USA – Following the introduction of a new grain inspection legislation that seeks to enhance certainty and customer service, the National Grain and Feed Association (NGFA) said it ratifies the idea.
The legislation reinforced congressional intent regarding the official grain inspection exceptions process for domestic facilities within the grain, feed and processing industry.
It provides domestic grain-handling facilities with the incentive to restore official inspection service agreements they previously had with USDA-approved official grain inspection providers.
This follows the reauthorization of the U.S. Grain Standards Act that exempted domestic shipments from inspection and weighing.
The US Grain Standards Act (USGSA) required that exported grains and oilseeds be officially inspected and weighed in order to ensure that high-quality grains are marketed.
After realignment of agencies along more functional lines based on revised regulations under the Agriculture Reauthorization Act of 2015, it was realized that the revision was used by Federal Grain Inspection Service (FGIS) to allow incumbent providers designated by the agency to perform official inspections within USDA-established geographic territories.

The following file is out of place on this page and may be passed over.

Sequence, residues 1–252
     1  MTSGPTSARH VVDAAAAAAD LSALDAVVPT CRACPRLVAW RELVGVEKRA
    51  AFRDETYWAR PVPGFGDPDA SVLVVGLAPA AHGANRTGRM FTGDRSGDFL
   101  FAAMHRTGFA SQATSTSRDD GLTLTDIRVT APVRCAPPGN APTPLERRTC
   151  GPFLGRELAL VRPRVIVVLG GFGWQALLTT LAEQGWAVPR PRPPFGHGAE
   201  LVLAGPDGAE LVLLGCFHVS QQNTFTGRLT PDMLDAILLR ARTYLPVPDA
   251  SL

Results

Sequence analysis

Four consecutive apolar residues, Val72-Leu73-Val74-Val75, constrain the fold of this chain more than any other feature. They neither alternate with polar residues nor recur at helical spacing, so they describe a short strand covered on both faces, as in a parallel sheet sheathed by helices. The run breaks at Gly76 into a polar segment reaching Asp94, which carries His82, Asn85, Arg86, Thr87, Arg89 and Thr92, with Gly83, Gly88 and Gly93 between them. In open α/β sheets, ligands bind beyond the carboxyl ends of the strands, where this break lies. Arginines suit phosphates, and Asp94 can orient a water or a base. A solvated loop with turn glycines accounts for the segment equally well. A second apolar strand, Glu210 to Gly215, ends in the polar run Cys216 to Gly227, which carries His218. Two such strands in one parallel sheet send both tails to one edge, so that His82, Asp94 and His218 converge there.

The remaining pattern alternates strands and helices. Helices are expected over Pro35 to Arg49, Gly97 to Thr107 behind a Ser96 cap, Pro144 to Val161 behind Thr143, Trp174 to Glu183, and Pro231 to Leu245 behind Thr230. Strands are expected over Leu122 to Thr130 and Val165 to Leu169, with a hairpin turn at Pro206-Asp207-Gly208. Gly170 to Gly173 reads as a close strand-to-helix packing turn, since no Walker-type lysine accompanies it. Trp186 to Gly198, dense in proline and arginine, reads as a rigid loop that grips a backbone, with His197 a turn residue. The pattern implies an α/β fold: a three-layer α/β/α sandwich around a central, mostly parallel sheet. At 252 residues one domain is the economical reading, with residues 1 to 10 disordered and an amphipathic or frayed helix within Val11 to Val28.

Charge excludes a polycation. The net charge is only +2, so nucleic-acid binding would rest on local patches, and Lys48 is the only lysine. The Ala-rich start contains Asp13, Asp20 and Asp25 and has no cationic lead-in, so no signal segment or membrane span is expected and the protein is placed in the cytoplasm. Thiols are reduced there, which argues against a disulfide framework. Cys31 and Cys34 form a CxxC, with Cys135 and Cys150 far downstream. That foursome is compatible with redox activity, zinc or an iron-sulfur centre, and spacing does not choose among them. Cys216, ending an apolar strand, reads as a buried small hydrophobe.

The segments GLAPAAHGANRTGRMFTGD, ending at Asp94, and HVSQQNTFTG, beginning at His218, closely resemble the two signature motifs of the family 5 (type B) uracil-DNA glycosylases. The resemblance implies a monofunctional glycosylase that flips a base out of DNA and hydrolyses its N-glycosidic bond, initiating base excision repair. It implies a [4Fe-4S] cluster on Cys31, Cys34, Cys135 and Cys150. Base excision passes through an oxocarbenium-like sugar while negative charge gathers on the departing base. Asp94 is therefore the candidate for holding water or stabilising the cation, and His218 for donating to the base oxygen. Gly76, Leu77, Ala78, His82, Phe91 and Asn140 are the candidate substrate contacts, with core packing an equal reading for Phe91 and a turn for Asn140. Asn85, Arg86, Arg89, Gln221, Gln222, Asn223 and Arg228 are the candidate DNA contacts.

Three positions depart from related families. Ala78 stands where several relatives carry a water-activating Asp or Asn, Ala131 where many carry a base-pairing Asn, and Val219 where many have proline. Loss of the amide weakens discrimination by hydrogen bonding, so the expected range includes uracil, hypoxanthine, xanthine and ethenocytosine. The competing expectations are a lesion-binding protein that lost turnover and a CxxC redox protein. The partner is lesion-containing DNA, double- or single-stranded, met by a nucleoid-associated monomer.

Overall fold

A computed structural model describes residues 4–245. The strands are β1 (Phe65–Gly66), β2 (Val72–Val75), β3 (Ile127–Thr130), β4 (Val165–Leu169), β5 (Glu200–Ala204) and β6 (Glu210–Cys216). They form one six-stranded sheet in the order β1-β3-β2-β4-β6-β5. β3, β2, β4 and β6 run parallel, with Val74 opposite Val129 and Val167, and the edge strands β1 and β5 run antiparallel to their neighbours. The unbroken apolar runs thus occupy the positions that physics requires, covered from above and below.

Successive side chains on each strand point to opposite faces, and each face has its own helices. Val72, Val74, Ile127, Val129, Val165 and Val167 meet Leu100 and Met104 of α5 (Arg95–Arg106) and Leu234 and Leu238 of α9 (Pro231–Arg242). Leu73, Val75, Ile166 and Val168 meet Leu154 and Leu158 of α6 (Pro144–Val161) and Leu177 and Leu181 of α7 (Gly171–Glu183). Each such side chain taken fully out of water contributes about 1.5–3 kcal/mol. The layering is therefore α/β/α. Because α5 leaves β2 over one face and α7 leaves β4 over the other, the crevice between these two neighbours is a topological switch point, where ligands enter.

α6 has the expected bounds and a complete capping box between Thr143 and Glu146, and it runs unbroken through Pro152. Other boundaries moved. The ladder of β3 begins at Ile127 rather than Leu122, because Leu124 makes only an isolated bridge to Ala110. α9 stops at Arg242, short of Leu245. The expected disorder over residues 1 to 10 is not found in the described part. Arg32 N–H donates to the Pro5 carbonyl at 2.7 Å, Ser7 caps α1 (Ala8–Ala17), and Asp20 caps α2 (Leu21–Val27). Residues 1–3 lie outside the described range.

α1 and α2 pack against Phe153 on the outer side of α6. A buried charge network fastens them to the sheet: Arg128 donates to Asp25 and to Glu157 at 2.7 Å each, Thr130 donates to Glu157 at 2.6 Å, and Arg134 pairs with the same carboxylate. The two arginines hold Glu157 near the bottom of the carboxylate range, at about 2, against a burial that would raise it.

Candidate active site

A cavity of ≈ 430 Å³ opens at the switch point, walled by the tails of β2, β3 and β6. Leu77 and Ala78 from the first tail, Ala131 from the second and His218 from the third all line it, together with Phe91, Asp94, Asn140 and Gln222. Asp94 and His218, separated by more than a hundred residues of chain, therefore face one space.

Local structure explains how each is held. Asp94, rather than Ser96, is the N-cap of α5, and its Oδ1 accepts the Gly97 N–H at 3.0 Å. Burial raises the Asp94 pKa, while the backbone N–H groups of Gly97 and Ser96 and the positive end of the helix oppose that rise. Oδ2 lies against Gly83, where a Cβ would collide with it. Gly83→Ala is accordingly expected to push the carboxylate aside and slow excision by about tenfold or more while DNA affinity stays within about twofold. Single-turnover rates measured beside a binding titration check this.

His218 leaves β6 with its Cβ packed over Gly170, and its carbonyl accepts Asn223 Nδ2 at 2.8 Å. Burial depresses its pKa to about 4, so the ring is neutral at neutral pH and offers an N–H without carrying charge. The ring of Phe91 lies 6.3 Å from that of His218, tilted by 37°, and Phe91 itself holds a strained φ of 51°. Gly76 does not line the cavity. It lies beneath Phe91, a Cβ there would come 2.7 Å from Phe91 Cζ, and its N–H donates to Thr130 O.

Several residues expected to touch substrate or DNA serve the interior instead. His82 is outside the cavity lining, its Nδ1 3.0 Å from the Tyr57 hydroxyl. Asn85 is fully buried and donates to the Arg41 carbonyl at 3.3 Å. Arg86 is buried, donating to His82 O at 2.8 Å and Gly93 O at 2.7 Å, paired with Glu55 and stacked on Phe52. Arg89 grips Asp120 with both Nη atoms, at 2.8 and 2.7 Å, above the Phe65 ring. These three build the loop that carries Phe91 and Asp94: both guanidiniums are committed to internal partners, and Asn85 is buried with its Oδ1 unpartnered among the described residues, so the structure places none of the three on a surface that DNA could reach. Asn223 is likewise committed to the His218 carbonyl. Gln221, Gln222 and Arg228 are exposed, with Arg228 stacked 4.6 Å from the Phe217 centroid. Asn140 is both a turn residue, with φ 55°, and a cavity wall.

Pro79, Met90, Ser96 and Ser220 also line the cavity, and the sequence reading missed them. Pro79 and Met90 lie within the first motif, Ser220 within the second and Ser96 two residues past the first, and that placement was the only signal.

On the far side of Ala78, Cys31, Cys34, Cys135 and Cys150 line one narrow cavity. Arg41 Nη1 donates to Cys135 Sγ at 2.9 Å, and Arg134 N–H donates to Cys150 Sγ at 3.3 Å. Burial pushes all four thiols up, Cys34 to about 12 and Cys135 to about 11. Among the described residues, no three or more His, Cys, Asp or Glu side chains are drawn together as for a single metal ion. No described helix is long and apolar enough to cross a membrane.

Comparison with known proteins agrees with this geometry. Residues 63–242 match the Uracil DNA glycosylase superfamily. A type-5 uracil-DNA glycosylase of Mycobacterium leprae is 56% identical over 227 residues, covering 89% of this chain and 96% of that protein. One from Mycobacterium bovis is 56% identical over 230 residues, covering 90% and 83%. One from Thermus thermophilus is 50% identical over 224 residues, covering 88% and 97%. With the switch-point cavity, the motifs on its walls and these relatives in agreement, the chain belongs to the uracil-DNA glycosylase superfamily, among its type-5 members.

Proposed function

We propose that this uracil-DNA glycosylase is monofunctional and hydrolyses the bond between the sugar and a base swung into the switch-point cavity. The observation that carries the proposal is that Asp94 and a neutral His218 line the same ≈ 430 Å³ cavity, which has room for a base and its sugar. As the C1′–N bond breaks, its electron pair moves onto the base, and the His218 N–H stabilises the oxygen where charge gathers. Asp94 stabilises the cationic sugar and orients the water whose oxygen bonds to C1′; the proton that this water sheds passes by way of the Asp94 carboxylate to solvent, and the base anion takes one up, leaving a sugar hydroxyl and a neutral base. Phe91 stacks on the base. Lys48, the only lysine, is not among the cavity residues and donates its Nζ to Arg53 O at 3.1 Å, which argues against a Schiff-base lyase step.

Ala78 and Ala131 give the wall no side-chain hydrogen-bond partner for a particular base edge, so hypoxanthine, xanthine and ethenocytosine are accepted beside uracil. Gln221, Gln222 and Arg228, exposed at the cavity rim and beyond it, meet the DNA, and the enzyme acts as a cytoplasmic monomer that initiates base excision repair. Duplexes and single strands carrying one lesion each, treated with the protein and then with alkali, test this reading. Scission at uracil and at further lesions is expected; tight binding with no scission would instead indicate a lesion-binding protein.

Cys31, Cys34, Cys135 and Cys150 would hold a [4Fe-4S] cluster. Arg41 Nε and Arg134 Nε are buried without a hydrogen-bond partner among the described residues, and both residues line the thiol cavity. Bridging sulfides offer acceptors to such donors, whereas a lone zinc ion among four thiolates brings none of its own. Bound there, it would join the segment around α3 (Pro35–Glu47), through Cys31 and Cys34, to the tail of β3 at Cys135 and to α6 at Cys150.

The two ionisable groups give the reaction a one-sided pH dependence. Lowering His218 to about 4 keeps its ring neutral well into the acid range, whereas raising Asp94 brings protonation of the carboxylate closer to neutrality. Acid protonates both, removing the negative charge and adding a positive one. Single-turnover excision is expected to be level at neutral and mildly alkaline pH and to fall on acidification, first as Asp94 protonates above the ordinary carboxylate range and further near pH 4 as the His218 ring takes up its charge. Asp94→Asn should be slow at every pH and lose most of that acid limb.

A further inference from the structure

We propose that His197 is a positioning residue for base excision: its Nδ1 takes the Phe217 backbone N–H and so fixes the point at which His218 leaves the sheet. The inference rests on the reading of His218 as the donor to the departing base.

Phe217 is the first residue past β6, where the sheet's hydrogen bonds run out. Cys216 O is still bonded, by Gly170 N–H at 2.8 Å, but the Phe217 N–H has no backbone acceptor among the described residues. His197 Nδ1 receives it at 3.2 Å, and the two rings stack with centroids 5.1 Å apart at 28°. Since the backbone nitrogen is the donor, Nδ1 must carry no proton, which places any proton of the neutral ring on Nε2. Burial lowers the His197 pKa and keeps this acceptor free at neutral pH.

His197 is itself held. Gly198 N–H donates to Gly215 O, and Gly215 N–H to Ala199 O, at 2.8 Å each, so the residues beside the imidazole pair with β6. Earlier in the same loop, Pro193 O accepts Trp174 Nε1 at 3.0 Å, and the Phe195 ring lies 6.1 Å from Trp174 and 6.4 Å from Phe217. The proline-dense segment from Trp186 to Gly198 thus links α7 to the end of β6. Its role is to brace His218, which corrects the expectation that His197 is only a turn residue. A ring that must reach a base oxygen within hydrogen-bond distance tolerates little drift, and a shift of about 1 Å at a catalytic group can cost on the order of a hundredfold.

As a result, FGIS revoked dozens of existing service agreements, disrupting long-standing, well-functining agreements to provide official inspections.
The problem affected facilities that utilized official grain inspection services throughout the domestic agricultural supply chain.
The legislation remedies the problem by reinforcing congressional intent by allowing facilities to restore prior non-use service agreements terminated by FGIS that previously were in place with official inspection providers.
“U.S. competitiveness in domestic and global markets benefits when FGIS and its designated service providers perform market-responsive official inspection and weighing of bulk grains and oilseeds in a reliable and uninterrupted manner,” said Randy Gordon, president and chief executive officer of the NGFA.
He added that the legislation would restore cost-effective and efficient official grain inspection relationships that previously existed within the domestic trade and which had been working well.